The European Southern Observatory (ESO) has captured in stunning new images the menacing cometary globule designated CG4, sometimes referred to as the ‘mouth of the beast’.
With the help of the Very Large Telescope (yes, that is what it’s called), the ESO, as part of its Cosmic Gems programme, recently took a series of photos of the celestial landmark, despite science having little understanding of what it actually is.
According to the ESO’s research, the object is 1,300 light years from Earth in the constellation called Puppis, the word that gave birth to the term ‘poop deck’.
To put the size of ‘the beast’ into perspective, its head is measured at about 1.5 light years in diameter while its tail, not visible in the photographs taken by the telescope, measures at almost 8 light years in length.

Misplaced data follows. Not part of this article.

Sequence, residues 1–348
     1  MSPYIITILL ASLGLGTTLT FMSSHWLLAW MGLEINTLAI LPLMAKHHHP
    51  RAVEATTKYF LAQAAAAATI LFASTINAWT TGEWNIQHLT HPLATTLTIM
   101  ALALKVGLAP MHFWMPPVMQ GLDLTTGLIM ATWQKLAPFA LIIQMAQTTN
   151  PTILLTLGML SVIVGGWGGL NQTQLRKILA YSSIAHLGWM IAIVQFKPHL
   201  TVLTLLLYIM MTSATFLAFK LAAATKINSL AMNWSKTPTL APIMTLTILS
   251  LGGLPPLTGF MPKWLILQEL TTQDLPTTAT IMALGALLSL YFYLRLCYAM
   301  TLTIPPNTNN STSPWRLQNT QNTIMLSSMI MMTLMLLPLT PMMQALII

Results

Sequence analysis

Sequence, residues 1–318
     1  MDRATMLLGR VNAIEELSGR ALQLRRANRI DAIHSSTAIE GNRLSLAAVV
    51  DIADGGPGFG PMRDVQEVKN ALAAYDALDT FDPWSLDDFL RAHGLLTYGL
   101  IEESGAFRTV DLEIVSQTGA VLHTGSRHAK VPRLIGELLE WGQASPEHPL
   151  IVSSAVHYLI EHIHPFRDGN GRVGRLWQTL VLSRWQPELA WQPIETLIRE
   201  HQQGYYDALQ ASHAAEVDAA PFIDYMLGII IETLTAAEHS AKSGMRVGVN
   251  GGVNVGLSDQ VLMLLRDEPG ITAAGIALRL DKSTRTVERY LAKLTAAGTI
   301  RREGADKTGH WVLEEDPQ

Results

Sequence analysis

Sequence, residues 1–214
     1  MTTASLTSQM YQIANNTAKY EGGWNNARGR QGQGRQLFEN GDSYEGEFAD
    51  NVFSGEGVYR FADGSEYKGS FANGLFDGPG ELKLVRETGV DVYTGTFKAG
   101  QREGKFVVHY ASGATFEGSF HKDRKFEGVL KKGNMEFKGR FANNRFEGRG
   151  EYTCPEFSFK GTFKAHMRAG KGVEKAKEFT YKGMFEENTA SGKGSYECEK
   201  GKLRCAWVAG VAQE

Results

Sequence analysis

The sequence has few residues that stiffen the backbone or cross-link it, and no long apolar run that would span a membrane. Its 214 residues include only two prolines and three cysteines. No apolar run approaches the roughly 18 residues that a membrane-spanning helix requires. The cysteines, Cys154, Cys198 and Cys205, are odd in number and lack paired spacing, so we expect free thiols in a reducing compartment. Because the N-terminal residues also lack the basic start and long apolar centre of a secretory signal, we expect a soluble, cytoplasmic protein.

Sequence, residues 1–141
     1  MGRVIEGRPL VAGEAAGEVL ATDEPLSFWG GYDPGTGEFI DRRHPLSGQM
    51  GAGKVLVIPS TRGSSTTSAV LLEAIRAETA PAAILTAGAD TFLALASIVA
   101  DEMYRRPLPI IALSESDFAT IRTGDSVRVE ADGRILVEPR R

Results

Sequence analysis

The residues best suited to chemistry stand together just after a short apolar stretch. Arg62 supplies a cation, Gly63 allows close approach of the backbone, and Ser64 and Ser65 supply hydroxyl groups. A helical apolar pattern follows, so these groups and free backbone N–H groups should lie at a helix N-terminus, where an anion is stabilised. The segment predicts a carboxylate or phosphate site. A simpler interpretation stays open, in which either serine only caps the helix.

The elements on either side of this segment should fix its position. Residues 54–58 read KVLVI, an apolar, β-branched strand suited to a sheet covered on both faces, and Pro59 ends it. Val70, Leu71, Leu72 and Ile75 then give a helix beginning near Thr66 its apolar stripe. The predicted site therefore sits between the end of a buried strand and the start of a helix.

A wide-field image showing a rich region of the sky in the constellation Puppis, with CG4 at its centre. Image via ESO and Digitised Sky Survey 2
Incredibly, these mind-bending distances put CG4 as one of the smaller observable space objects discovered by us here on Earth, but is comparable with other cometary globules discovered to date.
The biggest mystery about globules to scientists, however, remains the origins of their distinctive shape. A number of theories have been speculated, including the possibility it may have at one point been a spherical nebula which became distorted after a nearby supernova explosion.
Sadly for amateur astronomers, telescopes of comparable magnification to the Very Large Telescope are the only way to see CG4, because it is one of the faintest nebula in the night sky.